Taken from the October issue of Dazed & Confused:
Precocious Brit novelist Ben Brooks: “I remember sitting with Luna in Barcelona and repeating lines of her poetry in my head and pulling my t-shirt over my face. I remember feeling outdone. She has a book out in English now and I hope people notice.’”
Barcelona-based poet Luna Miguel has a bit of a body obsession. She recently edited an anthology of female writing about blood and menstruation called Sangrantes (Bleeding). Her last work, which will be translated into English at the end of this year, deals mostly with sickness and was influenced by a close relative suffering from cancer. And the 23-year-old plans to call her next book Los Estómagos (The Stomachs). “It’s about hunger and vegetarianism, among other things,” she says.
Miguel’s first collection in English stays a little closer to the epidermis, however. Bluebird and Other Tattoos gets its title from the feathered beast daubed on her chest (alongside the first few lines of Charles Bukowski’s poem “Bluebird”) and focuses on “the stuff I wrote from 15 to 20. There was a selfish ‘I’ that talked about drugs, sex and the writers I loved. The body has since grown and mutated.”
I’ve been on the internet long enough not to be bothered. Haters feel frustration when they see something they envy
Miguel has held columns in two national newspapers in Spain and been published many times, but it’s in social media and the blogosphere where you find most of her fans – and haters. The latter don’t appreciate her imposing media presence, the many selfies she posts or the frequent references in her writing to her boyfriend, novelist Antonio J Rodríguez. The photogenic power couple generate almost nuclear reactions among Spanish glitterati. Does she care? Nope. “I’ve been on the internet long enough not to be bothered. Haters feel frustration when they see something they envy.” As for her exposure, she admits that, “Yes, I’m constantly showing my hands, my face, my tattoos. I do it because it amuses me, like so many others.”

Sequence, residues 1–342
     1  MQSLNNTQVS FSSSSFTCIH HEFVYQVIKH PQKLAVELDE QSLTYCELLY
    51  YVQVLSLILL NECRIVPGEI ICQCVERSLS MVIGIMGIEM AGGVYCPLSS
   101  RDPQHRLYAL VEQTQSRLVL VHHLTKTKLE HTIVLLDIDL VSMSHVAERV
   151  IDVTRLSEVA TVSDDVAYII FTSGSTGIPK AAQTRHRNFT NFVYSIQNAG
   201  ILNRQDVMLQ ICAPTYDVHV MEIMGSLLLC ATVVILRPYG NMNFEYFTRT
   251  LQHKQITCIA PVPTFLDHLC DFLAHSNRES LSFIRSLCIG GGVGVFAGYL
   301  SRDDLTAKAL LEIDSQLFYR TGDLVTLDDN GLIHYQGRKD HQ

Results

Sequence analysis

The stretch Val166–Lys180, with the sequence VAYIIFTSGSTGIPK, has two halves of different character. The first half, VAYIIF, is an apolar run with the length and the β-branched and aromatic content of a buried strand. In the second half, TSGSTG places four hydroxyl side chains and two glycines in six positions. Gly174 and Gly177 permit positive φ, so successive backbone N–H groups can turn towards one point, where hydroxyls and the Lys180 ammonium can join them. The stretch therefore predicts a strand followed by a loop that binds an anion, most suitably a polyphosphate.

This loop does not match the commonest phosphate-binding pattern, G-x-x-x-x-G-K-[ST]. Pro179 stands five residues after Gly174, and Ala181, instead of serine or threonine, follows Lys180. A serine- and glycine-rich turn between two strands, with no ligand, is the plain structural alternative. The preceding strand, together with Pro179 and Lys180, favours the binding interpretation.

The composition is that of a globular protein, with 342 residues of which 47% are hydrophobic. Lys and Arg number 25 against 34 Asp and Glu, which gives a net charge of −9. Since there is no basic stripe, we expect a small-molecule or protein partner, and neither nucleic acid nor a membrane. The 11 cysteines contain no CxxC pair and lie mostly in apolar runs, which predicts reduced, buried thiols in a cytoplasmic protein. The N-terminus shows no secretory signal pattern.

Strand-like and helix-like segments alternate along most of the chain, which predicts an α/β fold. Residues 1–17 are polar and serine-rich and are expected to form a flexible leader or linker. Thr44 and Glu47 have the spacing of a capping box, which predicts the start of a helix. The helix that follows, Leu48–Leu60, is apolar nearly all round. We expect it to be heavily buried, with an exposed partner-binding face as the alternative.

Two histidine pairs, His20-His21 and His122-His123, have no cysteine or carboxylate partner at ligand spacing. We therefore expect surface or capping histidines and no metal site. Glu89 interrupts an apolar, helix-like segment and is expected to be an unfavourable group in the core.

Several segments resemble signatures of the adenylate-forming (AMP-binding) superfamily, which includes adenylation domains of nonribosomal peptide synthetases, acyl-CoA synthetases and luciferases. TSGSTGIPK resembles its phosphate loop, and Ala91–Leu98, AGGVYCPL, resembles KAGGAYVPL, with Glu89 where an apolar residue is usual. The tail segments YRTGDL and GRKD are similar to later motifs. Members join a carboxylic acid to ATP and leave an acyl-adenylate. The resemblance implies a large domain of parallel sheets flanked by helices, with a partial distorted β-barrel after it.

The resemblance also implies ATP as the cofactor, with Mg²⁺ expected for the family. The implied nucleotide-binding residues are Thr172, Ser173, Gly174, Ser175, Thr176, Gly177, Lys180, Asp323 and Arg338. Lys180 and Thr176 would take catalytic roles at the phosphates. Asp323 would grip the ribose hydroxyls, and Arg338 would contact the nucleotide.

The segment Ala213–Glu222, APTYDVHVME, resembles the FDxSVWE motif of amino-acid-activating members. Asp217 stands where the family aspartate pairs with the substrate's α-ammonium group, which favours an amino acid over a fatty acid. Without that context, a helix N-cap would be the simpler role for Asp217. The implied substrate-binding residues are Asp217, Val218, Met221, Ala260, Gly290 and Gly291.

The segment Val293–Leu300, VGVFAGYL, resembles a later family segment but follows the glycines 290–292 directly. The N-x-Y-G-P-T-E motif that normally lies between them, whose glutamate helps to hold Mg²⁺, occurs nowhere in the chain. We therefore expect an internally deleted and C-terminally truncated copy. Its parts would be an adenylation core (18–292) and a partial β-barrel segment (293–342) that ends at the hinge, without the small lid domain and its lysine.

The daughter of two poets she calls her “best friends”, Miguel aligns herself with everything “visceral” and confesses to being a Sylvia Plath devotee. Despite that, she’s often included in the field of alt lit, a scene of young and mostly American authors who worship writer Tao Lin and share his impersonal literary style, which has been described as “Asperger’s realism”. She might share their generational qualms and internet savvy but when it comes to writing, Miguel likes things a bit more bloody.